15 March 2023

By Bridgett Majola, Partner: Banking & Finance; Gavin Noeth, Senior Consultant: Infrastructure & Projects; and Pooja Pundit, Candidate Attorney, CMS South Africa

In recognition of the global proliferation of sustainable energy and considering the COP 27 and South Africa’s international law obligations under the Paris Agreement, South Africa is strengthening its contributions and efforts towards climate change mitigation.

These are crucial particularly to create a clean, affordable, sustainable, and bright energy future. In addition, investing in clean energy will boost economic growth and the attainment of social justice in the country.

In line with this, the Public Investment Corporation SOC Limited (“PIC”) published a media release late last year stating that it has adopted a hydrogen investment strategy to facilitate the development of the hydrogen value chain in South Africa. The announcement means that the government of South Africa, through the Hydrogen Roadmap (“HR”), has identified the PIC as a probable co-investor in hydrogen projects.

What does this investment mean for South Africa?

Green hydrogen seems to be one of the solutions to South Africa’s energy conundrums, in that it is an alternative clean source of energy which supports climate change mitigation and will reduce South Africa’s carbon footprint. In addition to this, green hydrogen has the potential to address the growing gap of the fundamental needs of the majority of the rural country who are without power and, at the same time, facilitate a just transition away from fossil fuels.

South Africa has an abundant source of natural renewable resources, in particular solar and wind, to meet the energy needs of the local market and ultimately contribute to a green hydrogen export market.

The exportation of green hydrogen has the potential to create thousands of direct and indirect sustainable jobs and provide unprecedented stimulation to the economy. It is expected that this investment strategy will go a long way towards addressing the challenges of poverty, inequality, and unemployment in South Africa.

As regards the development of green hydrogen, various ambitious projects have been started. This includes Sasol’s Boegoebaai SEZ project to determine if a green hydrogen global export plant is feasible. And, of course, the Platinum Valley Initiative is geared to establish a Hydrogen Corridor from Limpopo through Johannesburg to Durban to promote hydrogen consumption in the transport industry. In addition, the Coalco2-X Project aims to harness green hydrogen and pollutants from coal-fired boilers to produce value-added products and can aid the transition to a decarbonised energy system.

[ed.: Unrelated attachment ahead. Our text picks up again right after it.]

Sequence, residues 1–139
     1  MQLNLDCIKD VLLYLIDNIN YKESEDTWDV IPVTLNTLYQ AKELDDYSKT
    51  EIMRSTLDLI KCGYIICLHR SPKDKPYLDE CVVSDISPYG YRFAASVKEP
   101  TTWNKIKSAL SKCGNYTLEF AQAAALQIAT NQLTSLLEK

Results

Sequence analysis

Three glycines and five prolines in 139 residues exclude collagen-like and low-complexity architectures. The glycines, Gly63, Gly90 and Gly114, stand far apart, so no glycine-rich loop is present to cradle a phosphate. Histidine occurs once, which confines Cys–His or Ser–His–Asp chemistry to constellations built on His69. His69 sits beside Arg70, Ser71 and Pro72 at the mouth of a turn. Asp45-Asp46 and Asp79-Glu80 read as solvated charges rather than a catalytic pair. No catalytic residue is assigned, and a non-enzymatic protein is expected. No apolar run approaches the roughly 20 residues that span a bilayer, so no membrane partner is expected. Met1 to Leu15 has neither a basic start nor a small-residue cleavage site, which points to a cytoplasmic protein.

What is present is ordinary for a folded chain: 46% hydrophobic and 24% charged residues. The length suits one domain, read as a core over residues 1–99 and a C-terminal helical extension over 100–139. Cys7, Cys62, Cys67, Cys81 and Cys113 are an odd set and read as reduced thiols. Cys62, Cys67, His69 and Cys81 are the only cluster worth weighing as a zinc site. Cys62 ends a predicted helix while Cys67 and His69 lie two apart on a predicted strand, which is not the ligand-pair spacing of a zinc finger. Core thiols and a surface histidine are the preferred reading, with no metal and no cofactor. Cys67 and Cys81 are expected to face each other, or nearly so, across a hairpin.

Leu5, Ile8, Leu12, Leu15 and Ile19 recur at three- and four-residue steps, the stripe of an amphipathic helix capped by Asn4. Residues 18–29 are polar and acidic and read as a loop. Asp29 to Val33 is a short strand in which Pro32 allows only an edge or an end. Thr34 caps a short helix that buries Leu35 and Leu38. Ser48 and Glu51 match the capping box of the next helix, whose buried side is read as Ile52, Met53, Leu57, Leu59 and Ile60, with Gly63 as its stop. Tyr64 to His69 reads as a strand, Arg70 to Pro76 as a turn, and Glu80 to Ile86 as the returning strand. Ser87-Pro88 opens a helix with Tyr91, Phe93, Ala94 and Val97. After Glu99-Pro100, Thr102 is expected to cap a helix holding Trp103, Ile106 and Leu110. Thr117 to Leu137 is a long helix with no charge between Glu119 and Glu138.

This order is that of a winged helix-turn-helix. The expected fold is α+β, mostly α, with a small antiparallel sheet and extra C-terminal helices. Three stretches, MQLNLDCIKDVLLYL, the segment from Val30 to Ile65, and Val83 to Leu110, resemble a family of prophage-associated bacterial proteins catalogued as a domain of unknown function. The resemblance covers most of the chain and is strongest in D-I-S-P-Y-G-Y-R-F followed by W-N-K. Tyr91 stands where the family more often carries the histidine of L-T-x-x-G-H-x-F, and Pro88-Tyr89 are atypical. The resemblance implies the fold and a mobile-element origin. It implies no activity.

There is also the sustainable aviation fuels project which is aimed at realising sustainable aviation fuel as an economical and viable product for the aviation industry. The Hive Hydrogen Project in Nelson Mandela Bay is additionally working on a massive power-banking arrangement which has the potential to end load-shedding in 2026 and there is a new project in Jeffreys Bay which is an electrolysis plant that will have green hydrogen production capacity of about 9.8 t/y.

The investment of the PIC in green hydrogen project development is a significant step in South Africa’s energy transition. The PIC is one of the most successful asset management firms in the world and is by far the largest on the African continent. The PIC controls over 10% of the Johannesburg Stock Exchange and has direct and indirect exposure to almost all divisions of the South African economy. While the production of green energy raises some concerns – as demonstrated in this article – innovation will address these issues. The pace of innovation can be expected to increase exponentially with the development of green hydrogen in, amongst other countries, South Africa, Morocco, and Australia. At the same time, we can expect to see a corresponding increase in green hydrogen markets such as Europe, so the demand for the product should certainly prove to be an incentive for producers.

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